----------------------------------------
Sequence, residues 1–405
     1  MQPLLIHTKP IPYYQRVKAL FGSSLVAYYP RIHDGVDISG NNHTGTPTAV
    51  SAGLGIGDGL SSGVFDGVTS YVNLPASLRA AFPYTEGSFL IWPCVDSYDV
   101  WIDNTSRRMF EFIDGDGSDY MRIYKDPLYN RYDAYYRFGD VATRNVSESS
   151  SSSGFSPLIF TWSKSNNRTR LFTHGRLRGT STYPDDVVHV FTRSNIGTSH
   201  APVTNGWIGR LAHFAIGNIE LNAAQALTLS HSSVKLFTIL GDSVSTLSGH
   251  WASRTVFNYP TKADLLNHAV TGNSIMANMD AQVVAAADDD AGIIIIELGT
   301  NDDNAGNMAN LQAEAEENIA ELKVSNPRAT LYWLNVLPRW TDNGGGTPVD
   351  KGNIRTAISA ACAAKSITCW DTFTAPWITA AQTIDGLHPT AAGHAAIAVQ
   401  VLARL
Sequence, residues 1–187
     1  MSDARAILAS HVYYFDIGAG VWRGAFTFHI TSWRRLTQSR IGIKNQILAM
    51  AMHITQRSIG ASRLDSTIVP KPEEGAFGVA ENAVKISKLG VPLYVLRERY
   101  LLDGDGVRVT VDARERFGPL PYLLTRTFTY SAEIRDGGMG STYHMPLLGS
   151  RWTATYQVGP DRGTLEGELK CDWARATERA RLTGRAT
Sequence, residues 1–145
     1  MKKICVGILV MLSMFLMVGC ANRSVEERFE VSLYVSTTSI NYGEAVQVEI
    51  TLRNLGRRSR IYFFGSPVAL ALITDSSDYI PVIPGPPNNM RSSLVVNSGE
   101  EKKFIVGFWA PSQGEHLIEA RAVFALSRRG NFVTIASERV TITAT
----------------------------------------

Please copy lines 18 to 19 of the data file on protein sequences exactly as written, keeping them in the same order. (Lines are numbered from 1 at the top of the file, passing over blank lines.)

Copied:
    51  TLRNLGRRSR IYFFGSPVAL ALITDSSDYI PVIPGPPNNM RSSLVVNSGE
   101  EKKFIVGFWA PSQGEHLIEA RAVFALSRRG NFVTIASERV TITAT